Suckers spread in rhizome formation from the seedlings as the tree matures, until one or more then extend up to become the trunk or the clonal trunks. These trunks reach up to flower some ten to fifteen years later. Flowering can be hastened dramatically with wildfire and trees are often seen flowering after a fire in the wild.
Growing a Moodjar Tree
There are two main ways to grow a Moodjar Tree in your garden. (a) with seed or (b) with cuttings. Both methods require you to obtain a flora license first in order to be able to collect the necessary propagation materials.
- By seed
Germination from freshly collected seed is considered to be easy by most growers. Seed is collected as it matures on the tree within few weeks of flowering. The papery seed is settled upright onto the surface of a tray of native plant seedling mix and kept moist.
After germination, the seedling is transferred into a forestry tube to continue to grow until it is of a suitable size for transplanting into a pot with a host. Suggestions for host plants are dichondra, local kangaroo paws and native grasses at these early stages. Even some exotic species such as carrot seedlings and Lagerstroemia (crepe myrtle) species have proven to be successful hosts.
- With cutting
As the trees produce upright suckers from the thick underground rhizomes, suitable cutting materials can be taken from this succulent new growth or from suckers after the tree has finished flowering. Use of purple clonex is recommended as hormone dipping solution for the propagation. Once cuttings have grown roots, these cuttings can then be potted up with a host plant (as mentioned above).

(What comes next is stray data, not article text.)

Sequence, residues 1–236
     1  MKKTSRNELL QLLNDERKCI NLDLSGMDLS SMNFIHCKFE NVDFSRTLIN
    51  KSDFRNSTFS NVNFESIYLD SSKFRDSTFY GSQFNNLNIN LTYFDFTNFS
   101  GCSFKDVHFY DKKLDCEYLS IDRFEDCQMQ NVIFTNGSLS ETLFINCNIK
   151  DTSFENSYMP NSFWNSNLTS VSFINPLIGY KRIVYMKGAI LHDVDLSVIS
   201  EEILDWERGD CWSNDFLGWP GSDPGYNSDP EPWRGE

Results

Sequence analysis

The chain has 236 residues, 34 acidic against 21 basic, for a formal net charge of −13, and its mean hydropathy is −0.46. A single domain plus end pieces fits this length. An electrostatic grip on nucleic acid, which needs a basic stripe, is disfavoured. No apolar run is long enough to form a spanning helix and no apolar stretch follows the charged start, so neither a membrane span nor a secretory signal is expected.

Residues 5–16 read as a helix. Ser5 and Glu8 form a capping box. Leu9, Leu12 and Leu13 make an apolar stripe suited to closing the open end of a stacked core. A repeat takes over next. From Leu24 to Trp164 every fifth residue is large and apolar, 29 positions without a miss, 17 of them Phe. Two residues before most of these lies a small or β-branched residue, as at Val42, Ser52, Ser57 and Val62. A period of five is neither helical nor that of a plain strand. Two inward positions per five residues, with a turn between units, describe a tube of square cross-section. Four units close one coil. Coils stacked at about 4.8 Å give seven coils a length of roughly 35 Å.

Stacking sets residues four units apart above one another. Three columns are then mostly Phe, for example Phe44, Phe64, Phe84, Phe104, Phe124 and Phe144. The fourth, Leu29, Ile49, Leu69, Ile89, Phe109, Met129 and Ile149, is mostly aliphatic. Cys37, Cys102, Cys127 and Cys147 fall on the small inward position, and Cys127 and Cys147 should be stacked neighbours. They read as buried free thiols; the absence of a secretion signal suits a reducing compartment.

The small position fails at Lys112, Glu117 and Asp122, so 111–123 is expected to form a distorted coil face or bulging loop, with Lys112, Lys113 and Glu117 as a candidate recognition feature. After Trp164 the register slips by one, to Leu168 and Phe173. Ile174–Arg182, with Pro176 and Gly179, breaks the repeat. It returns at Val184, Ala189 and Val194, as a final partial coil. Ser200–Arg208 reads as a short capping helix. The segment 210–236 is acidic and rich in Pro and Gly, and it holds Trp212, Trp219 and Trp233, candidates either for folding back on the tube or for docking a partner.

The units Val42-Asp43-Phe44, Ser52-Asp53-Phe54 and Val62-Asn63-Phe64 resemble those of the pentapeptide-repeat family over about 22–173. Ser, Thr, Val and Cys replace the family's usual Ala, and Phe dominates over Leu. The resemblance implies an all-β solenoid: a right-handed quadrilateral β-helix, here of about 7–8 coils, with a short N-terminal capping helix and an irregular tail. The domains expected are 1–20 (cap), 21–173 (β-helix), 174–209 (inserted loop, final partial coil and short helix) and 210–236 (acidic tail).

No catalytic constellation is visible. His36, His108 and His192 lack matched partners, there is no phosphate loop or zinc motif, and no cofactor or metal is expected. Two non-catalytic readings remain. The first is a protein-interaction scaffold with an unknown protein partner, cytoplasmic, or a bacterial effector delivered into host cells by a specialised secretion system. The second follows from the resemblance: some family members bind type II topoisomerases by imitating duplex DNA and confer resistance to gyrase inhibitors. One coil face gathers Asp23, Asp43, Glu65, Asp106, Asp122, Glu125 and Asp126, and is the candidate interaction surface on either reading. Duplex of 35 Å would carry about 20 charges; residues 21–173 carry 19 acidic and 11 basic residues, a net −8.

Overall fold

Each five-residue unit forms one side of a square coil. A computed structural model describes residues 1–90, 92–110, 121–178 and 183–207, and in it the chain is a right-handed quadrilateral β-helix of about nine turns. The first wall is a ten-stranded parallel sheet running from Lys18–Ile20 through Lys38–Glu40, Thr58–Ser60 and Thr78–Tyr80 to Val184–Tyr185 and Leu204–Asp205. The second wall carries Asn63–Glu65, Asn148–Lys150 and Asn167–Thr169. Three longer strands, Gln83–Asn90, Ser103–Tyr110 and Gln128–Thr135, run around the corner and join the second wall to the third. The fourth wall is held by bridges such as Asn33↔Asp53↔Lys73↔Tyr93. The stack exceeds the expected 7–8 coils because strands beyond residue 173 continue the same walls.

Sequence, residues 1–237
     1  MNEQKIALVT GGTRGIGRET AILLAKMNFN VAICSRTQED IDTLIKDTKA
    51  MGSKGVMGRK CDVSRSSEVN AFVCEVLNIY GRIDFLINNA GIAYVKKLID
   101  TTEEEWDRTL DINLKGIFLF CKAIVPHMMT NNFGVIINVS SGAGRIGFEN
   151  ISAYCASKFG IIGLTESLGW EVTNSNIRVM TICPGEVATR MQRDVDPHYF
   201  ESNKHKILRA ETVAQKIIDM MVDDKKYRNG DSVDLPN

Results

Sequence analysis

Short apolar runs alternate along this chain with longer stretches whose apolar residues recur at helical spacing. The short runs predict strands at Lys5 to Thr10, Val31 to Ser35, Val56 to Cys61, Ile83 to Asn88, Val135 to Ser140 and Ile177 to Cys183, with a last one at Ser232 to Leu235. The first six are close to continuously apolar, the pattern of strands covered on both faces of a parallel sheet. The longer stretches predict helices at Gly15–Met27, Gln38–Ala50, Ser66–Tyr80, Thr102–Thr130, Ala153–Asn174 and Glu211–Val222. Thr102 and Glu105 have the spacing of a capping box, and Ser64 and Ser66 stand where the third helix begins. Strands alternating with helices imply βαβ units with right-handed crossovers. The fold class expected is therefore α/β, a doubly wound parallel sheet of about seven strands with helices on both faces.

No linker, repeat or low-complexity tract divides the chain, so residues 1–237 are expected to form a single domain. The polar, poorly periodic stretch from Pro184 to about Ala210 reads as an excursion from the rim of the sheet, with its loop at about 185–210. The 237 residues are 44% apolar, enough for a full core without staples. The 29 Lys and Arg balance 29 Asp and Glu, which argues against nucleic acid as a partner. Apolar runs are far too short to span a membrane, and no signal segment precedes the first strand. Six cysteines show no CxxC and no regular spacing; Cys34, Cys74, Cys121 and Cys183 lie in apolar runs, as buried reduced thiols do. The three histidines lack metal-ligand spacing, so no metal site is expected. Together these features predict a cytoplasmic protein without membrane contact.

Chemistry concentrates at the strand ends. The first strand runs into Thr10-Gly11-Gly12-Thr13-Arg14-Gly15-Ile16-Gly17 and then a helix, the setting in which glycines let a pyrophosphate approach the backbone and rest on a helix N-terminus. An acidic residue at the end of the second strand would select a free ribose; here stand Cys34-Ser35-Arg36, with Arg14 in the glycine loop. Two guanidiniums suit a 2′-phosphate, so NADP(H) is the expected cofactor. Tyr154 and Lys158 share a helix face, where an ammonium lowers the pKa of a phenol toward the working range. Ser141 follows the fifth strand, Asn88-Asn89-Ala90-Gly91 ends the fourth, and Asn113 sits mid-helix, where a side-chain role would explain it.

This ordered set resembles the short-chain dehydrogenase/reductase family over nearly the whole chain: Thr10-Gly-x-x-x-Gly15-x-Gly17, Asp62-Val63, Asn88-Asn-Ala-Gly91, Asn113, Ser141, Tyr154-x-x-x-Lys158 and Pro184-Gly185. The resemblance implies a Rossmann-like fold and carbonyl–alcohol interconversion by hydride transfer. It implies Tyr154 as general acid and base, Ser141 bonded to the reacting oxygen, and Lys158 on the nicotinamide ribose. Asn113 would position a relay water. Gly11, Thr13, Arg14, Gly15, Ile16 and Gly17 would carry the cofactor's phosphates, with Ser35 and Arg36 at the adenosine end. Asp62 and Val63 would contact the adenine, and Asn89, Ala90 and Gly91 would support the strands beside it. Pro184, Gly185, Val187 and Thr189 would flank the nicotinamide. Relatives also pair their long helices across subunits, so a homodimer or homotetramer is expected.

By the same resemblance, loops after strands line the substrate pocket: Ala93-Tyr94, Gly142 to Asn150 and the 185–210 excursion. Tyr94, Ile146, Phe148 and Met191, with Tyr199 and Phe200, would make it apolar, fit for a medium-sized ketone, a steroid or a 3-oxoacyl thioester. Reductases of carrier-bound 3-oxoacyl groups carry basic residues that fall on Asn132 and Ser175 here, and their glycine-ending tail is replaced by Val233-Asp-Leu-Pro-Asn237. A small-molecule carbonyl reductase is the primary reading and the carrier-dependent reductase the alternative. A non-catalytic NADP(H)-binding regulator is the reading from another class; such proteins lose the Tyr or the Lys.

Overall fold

If you are interested in learning more about this fascinating tree, participating in our upcoming Propagation Workshops or in Volunteering with us, contact us today.
“Gold after the Rainbow” by Hazel Dempster, Published in WA Gardener Summer 2003 and Wildflower Society of Western Australia Newsletter February 2004 Edition
Early 1787 – 26 March 1863.
James Drummond was a pioneering botanist and explorer who made significant contributions to the study of Western Australian flora. He emigrated to Western Australia in 1839, where he became a botanical collector for the colonial government.
Drummond is known for his extensive collections of Western Australian plants, which he made during his travels throughout the state. He collected and described many new species of plants, and his collections form the basis of the Western Australian Herbarium at the University of Western Australia.
He was also an accomplished illustrator, and his work helped to establish Western Australia's reputation as a center of botanical research and discovery. He is considered one of the founders of Western Australian botany, and his work helped to establish the state's reputation as a center of botanical research and discovery.
Drummond made several expeditions into the unexplored regions of the state and contributed to the field of natural history. Drummond died in 1877 at the age of 61, but his legacy as a botanist and explorer continues to be recognized and celebrated to this day.
"In the history of the botany of Western Australia, the name of James Drummond stands out prominently as that of a man who devoted his life to the collection and study of the flora of that State, and whose labours have been of the greatest value in the development of our knowledge of the plant life of Australia."
– Joseph Maiden, Director, Royal Botanic Gardens, Sydney